Fans Ahead of the Media on Steroids
by Glenn Dickey
Jun 07, 2005

THOSE IN THE media who believe that steroids are The End of the World As We Know It Ė Bob Costas is the latest, with a rant in The Sporting News Ė canít understand why so many fans choose to ignore all the steroids chatter.

Maybe, just maybe, itís because they have a better perspective on the steroids hysteria.

Many fans realize, for instance, that itís difficult to quantify the difference steroids make. All we really know about steroids is that athletes who take them can add muscle mass more quickly if they work out than without them, that they can work out longer without tiring and that they can recover more quickly from injury.

Thatís a powerful advantage. I believe that has been the biggest help for Barry Bonds, because heís been able to recover quickly from injury before this season and heís been able to maintain his strength and fitness at an older age.

But the biggest factor in hitting is not strength but bat speed and hand-eye coordination, which are not affected by steroids. Bonds has had the ability to wait an important split-second longer on a pitch before he decides whether itís in hit hitting zone. He has had great plate discipline, seldom swinging at a pitch out of the strike zone.

Those are the same attributes that made Hank Aaron and Ernie Banks great home run hitters in an earlier era, though itís likely neither one ever weighed more than 175 pounds in his prime.

Jason Giambi has admitted taking steroids. Mark McGwire took a steroids-like substance, which was allowed in baseball, and thereís speculation that he took regular anabolic steroids, too. Perhaps they made Giambi, always a good percentage hitter, into a more powerful hitter. His power numbers jumped with the Aís, but they came at a time when he was moving into his hitterís prime, too. McGwire hit 49 homers as a rookie, and itís almost certain he wasnít on steroids at that point.

Meanwhile, there have been some unlikely players who have either admitted taking steroids or failed a test. Jeremy Giambi and Marvin Benard are admitted steroids users. Sure helped them, didnít it?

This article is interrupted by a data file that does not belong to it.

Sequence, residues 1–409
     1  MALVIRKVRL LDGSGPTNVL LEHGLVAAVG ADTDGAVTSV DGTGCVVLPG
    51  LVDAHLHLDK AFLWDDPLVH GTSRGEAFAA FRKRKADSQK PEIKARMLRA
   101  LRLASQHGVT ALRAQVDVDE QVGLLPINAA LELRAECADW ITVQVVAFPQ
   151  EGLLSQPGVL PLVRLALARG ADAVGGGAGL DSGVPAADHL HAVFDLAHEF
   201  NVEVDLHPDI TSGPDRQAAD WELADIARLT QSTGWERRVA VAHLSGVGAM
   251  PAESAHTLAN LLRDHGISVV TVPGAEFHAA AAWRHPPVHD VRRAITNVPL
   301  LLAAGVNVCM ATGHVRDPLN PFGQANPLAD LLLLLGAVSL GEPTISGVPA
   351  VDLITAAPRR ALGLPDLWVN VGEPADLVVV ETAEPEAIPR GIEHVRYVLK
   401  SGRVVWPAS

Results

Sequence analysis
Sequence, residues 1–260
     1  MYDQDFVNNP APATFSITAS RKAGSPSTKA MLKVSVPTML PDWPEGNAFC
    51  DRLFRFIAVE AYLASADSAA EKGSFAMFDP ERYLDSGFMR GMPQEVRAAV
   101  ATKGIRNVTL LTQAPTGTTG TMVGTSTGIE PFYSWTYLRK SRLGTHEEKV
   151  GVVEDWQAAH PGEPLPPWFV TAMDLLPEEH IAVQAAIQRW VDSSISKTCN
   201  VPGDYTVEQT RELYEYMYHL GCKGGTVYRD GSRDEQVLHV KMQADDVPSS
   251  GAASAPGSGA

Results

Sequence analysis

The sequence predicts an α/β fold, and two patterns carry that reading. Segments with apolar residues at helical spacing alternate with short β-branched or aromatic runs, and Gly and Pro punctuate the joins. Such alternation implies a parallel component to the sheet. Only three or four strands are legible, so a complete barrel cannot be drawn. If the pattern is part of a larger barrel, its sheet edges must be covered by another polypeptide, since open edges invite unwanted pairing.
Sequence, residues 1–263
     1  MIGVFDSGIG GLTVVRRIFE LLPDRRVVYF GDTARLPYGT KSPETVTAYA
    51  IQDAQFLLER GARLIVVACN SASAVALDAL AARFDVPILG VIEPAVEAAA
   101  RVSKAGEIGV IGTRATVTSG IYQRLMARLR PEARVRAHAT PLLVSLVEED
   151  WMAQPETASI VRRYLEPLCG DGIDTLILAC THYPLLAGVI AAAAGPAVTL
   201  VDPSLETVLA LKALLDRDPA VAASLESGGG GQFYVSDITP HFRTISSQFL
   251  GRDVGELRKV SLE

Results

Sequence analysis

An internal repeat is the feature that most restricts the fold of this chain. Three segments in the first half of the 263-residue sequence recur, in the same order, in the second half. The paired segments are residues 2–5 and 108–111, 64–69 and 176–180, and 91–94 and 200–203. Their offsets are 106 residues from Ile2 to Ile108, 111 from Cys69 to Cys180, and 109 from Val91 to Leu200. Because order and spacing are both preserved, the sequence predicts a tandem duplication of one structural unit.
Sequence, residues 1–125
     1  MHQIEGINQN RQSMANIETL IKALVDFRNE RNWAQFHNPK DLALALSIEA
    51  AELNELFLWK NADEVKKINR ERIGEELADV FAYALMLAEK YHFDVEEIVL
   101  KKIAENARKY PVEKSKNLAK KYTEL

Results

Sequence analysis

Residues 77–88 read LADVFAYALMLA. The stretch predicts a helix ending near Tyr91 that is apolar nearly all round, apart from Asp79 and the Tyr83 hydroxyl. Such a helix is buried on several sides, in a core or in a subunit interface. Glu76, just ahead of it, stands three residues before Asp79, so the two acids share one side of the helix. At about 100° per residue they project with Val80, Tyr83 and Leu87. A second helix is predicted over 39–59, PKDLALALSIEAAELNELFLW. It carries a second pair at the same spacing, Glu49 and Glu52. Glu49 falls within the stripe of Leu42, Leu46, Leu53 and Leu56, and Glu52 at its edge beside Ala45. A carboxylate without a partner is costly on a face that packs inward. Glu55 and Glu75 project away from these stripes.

In individual sports when athletes compete against a clock, as in swimming and track and field, itís relatively easy to quantify the advantage steroids can give a competitor.

But in baseball, itís pitcher against hitter. If both are taking steroids, who has the advantage? Of the 71 minor leaguers who failed the drug testing, 34 were pitchers. Most likely, the same pattern has been there on the major league level.

MANY FANS KNOW, too, that the argument that the playing field must be level is bogus. There has always been cheating in baseball, and the difference in parks directly affects statistics.

In an earlier column, I cited the clear example of Gaylord Perry, whose spitter, an illegal pitch, got him into the Hall of Fame. Sammy Sosa was caught using a corked bat, and many hitters have tried that tactic.

Managers have tried, sometimes successfully, to steal pitch signs. Groundskeepers have altered the area around the infield foul lines, slanting it toward the middle of the field if their team has good bunters, slanting it away if their infielders are slow to react to bunts. As manager of the Giants in 1962, Alvin Dark had his groundskeeper water the infield around first base so the Dodgersí Maury Wills couldnít get the jump he needed to steal second.